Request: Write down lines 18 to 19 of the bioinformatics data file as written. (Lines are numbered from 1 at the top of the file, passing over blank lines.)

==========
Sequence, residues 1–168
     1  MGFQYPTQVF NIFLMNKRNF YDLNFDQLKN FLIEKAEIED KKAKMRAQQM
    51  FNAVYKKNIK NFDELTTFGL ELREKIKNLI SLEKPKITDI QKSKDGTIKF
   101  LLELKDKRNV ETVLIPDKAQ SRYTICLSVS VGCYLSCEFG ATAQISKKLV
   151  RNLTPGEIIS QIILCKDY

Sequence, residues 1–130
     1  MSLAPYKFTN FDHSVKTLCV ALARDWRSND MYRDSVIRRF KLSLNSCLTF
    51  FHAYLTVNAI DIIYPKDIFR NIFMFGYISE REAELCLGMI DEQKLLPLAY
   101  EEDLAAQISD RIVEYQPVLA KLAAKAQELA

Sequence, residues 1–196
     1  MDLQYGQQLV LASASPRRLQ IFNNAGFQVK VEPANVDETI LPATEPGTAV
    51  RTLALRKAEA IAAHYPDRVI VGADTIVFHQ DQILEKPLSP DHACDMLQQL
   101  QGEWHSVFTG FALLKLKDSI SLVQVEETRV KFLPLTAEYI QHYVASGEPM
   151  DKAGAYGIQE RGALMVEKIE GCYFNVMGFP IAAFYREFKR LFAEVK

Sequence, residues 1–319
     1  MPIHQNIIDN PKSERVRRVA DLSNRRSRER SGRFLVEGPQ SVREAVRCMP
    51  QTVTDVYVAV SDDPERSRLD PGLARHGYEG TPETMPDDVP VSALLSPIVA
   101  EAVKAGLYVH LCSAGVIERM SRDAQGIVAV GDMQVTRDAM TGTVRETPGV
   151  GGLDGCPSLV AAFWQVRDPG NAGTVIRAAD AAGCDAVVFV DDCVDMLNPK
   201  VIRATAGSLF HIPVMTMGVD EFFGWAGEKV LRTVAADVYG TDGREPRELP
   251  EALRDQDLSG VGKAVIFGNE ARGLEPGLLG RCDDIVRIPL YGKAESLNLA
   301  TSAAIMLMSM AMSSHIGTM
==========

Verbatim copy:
   101  EAVKAGLYVH LCSAGVIERM SRDAQGIVAV GDMQVTRDAM TGTVRETPGV
   151  GGLDGCPSLV AAFWQVRDPG NAGTVIRAAD AAGCDAVVFV DDCVDMLNPK